We split up on the trails as we reached the main parking lot at Watchung Reservation — this was where I saw more people than I wanted to see. The Loop Playground was full and visitors were driving around in search of open parking spots. This was also where I started seeing people who weren’t wearing masks — and some of those weren’t keeping their distance around others.
Rather than follow the crowd farther along the trails toward the Deserted Village, I headed for other areas that were less traveled. I chose a trail that ran along Lake Surprise and could loop back to the stable. It wasn’t the most scenic lake to walk around, but it was still a pleasant destination after weeks of being inside. I still don’t know what the surprise at the lake is — I asked the guy in the old-school hockey mask carrying a machete, but he didn’t know.
While I didn’t visit the most interesting parts of Watchung Reservation, it was a worthwhile day out — one that has inspired me to return. To top it off, as I returned to my car at the stable parking lot, I ran into the two women I met earlier on the trail. We talked a bit more from across the lot before heading home.
Into New Jersey’s National Parks
The following weekend I headed out again, this time to Great Swamp National Wildlife Refuge, another New Jersey park that I hadn’t previously visited. It was a beautiful, clear day and the weather was starting to get warm, and my friend agreed to go along (she had been careful during quarantine and we wore masks in the car and along the trails).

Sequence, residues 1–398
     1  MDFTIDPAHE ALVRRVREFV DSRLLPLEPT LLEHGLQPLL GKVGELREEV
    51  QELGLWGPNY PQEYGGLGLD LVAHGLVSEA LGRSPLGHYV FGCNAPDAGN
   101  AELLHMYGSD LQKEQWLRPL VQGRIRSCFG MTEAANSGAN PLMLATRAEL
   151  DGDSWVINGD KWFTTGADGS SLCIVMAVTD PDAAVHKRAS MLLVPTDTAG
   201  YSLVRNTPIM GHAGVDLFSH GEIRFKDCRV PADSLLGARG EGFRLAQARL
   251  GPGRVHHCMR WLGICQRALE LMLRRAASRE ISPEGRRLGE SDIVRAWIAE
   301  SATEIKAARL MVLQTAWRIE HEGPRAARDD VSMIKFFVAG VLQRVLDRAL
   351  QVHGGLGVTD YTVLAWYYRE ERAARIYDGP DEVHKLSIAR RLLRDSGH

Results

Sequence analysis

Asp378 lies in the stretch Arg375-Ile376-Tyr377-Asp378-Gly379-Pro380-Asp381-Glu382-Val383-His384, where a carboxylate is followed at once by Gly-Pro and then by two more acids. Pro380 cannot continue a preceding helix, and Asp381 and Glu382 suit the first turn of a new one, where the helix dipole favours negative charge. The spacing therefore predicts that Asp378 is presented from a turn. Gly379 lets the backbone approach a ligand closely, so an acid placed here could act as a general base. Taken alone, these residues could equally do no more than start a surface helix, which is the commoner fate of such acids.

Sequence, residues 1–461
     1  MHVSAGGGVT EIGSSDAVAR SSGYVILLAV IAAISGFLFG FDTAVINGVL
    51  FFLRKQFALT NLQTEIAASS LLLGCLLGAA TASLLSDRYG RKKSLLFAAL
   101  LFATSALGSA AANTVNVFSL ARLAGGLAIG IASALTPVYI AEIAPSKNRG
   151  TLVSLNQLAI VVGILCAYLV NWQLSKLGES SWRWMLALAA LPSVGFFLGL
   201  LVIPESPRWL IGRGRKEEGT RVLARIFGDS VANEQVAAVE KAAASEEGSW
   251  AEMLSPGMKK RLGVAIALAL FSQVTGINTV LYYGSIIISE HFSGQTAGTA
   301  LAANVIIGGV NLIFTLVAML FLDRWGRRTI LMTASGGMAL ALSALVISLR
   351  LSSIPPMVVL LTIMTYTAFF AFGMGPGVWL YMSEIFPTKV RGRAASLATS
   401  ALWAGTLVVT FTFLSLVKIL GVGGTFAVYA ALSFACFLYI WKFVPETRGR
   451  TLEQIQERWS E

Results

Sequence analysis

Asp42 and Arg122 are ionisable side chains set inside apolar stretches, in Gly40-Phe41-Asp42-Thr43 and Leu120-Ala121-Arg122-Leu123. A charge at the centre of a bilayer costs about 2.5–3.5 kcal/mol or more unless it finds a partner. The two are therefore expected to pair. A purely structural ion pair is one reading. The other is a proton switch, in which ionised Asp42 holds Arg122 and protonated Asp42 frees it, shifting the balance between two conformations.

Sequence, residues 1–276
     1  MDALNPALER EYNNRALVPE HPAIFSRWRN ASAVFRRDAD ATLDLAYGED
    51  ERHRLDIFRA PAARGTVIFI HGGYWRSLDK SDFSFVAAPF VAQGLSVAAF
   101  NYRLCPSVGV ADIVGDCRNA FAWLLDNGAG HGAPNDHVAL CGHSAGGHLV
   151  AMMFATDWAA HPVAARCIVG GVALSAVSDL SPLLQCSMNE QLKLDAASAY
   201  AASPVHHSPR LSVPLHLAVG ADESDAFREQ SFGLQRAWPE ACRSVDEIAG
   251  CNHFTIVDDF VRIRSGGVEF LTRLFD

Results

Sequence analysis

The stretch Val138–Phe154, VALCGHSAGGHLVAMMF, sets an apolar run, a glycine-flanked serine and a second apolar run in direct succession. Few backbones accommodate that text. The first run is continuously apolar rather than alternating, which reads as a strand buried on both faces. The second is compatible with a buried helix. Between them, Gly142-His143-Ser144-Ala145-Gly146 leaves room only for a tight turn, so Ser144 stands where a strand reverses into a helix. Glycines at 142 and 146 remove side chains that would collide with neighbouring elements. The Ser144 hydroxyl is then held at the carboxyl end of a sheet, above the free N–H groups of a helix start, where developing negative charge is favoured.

The day did not start out as planned — I chose the wrong trailhead. After a brief walk, the trail was too muddy to continue and we turned back to the parking lot. Another hiker in the parking lot suggested driving down the road to some other areas with drier trails, and off we went.
I headed down a gravel road on Pleasant Plains Road through Great Swamp and made a few stops along the way to admire the view — with so few people around, there was no threat of holding up traffic (even if I could only go about 10 mph anyway). There were also a few small parking lots with viewpoints to enjoy.
Unlike the previous trip to Watchung Reservation, there were few people at Great Swamp (or all those people were more spread out). It made for a much more relaxing day in nature. Most of the time was spent wandering the trails around the visitor center — there were a couple short loop trails next to the parking lot that were dry. It was all easy hiking, but it was enough for a day out.
But before departing Great Swamp, we headed across the street to another loop trail that was longer. It snaked through the meadow and into the woods, which provided a lot more shade as it began to get hot.
On the way out, we decided it would be wise to find a restroom — we had been out for hours and the restrooms in the national park were closed. The best option we found was a grocery store along the route home. Sure enough, the restrooms at grocery stores remained opened and made the drive home much more comfortable. Since then, at least New Jersey state and county parks that have facilities have opened them to the public.